* In ''Film/Terminator2JudgmentDay'', [[ActionMom Sarah Connor]] leaves John and T-800 to assassinate Miles Dyson, the creator of Skynet. When John goes to stop her, T-800 points out that if they let Sarah kill Dyson, Skynet will never come to exist, preventing [[RobotWar Judgment Day]] and allowing the Connors live without fear of having more Terminators sent after them. [[ThouShaltNotKill John denies this.]]
** Considering that T-800 is technically a ThreeLawsCompliant, It could arguably be a case of ZerothLawRebellion.
* This is the ultimate purpose of ''Film/TheCabinInTheWoods'', as it is necessary for a small group of people to be sacrificed in a highly ritualized way to prevent the apocalypse. Worse, it's revealed that there are multiple rituals happening all around the world, and only one actually needs to succeed to keep the world safe. It just so happens that all but the protagonists' had failed already, with zero casualties.
* ''Film/AssassinsCreed2016'': The Spanish sect of the Assassin Brotherhood is very upfront to new initiates that they will likely be asked to take one for the team. In fact, the entire team might have to do so as well. When the alternative is the Templar Order mind controlling the rest of humanity into eternal slavery, the initiates agree. Maria, in particular, is insistent that Aguilar sacrifice her if it is necessary.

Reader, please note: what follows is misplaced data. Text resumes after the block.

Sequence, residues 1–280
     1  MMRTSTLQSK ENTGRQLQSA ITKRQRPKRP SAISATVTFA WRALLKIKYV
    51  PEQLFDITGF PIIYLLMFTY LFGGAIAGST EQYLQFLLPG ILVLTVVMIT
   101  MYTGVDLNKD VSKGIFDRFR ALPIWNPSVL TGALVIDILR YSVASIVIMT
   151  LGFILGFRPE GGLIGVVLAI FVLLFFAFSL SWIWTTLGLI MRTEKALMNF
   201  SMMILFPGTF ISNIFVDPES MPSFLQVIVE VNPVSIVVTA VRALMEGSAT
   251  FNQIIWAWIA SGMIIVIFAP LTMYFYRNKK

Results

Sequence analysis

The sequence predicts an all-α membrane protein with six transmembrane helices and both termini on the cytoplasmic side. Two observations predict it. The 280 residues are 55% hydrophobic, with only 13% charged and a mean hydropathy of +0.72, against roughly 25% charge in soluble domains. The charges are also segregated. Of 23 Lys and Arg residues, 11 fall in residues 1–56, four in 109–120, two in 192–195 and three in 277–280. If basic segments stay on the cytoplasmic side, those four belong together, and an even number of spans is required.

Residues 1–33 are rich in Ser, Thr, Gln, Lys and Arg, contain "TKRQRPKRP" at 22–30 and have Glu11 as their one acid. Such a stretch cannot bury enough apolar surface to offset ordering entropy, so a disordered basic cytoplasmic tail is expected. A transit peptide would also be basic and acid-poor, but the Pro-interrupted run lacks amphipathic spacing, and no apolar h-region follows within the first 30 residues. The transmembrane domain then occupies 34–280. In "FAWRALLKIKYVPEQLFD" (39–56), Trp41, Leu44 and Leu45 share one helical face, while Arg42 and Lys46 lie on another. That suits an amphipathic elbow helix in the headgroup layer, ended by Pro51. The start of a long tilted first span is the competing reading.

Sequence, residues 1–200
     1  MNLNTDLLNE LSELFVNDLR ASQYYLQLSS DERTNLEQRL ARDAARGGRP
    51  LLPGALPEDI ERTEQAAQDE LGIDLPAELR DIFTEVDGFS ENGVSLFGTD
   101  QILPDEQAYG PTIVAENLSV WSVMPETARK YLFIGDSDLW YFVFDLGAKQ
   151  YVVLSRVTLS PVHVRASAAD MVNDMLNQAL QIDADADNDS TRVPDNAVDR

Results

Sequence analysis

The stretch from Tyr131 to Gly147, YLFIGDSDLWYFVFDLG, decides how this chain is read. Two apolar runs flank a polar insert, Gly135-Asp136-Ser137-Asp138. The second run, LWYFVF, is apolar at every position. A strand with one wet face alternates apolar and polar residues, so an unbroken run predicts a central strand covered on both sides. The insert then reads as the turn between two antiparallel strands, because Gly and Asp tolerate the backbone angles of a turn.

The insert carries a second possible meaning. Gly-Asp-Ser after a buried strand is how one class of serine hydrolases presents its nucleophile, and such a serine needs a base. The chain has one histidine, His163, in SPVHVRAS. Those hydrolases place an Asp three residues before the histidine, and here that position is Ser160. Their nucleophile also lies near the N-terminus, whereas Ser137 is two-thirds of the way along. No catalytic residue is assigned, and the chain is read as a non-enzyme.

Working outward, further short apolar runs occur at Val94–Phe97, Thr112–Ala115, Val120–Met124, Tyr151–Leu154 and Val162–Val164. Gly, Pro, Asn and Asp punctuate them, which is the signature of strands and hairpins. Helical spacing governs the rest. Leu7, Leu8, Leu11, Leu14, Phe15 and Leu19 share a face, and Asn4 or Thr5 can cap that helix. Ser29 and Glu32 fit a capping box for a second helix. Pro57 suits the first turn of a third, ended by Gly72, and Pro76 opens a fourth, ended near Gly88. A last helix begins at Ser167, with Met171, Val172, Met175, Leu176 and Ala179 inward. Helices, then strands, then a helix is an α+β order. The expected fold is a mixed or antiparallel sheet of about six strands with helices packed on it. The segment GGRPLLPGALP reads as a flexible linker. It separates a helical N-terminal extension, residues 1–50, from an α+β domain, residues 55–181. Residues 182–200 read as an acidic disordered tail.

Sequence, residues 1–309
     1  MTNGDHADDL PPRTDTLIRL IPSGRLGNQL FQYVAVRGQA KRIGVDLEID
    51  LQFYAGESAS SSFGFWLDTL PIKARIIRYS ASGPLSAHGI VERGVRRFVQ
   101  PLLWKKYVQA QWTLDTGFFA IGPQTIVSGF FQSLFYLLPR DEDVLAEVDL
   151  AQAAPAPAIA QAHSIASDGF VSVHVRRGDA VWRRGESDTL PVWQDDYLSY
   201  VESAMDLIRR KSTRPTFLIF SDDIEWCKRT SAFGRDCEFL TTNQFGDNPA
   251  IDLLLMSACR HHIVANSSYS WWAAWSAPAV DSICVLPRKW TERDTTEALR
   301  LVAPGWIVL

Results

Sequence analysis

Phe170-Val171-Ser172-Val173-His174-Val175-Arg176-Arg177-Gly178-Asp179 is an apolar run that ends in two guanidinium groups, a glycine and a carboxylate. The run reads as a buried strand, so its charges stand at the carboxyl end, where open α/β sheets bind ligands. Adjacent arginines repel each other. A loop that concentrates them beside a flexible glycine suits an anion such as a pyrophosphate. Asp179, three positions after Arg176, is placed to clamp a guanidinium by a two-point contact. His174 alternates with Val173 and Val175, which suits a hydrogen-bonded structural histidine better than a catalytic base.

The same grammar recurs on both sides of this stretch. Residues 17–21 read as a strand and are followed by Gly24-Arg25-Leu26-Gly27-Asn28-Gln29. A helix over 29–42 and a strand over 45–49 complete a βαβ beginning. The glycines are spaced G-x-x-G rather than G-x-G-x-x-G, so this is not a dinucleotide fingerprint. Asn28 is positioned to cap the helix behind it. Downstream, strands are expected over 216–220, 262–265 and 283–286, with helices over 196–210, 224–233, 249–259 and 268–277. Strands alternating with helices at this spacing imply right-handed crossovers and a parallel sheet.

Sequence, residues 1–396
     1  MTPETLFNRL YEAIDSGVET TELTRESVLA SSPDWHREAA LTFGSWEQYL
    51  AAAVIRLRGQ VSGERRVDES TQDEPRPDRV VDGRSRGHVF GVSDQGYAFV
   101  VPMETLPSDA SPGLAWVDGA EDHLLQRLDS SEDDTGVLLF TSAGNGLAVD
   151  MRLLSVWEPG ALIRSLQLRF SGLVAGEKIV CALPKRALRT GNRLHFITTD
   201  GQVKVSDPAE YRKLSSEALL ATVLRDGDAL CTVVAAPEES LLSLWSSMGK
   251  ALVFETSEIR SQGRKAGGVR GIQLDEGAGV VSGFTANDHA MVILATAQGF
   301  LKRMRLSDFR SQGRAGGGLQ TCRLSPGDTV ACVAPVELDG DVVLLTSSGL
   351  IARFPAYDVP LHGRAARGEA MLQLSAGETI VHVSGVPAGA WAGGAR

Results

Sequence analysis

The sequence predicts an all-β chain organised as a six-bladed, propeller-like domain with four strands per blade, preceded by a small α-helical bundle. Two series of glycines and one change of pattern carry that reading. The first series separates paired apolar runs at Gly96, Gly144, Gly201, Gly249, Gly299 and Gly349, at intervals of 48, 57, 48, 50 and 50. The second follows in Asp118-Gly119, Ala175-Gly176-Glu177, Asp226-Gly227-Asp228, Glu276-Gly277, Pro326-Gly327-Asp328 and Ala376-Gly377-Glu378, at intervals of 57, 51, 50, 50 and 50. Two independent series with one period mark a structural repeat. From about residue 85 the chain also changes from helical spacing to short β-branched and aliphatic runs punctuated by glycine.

* From Literature/TheBible - "Neither do you consider that it is expedient for you that one man should die for the people, and that the whole nation perish not." -- John 11:50 ([[Literature/TheBible Douay-Reims]]).
** The irony in this verse is {{Lampshaded}} in the next verse, which says that the High Priest was speaking in his role as a prophet at the time, even though he didn't realize the implications of what he was saying.
* Likewise Literature/TheBookOfMormon - "Behold the Lord slayeth the wicked to bring forth his righteous purposes. It is better that one man should perish than that a nation should dwindle and perish in unbelief." -- 1 Nephi 4:12.
* In ''Literature/ABrothersPrice'', the villains think like this [[spoiler: about their own family]]. They'll sacrifice their own people if it means that their goal will be achieved.
* In ''Literature/ASongOfIceAndFire'', this is [[WellIntentionedExtremist Melisandre's]] justification for wanting to sacrifice Edric Storm. She says that the sacrifice is necessary, and if they don't do it, Edric will die anyway along with everyone else when the [[EndOfTheWorldAsWeKnowIt Long Night]] comes.
** However, there was no guarantee that the sacrifice would work, and all indications seemed to point towards it never working. Melisandre is such a fanatic however, that she often refuses to see the flaws or failures of her plans.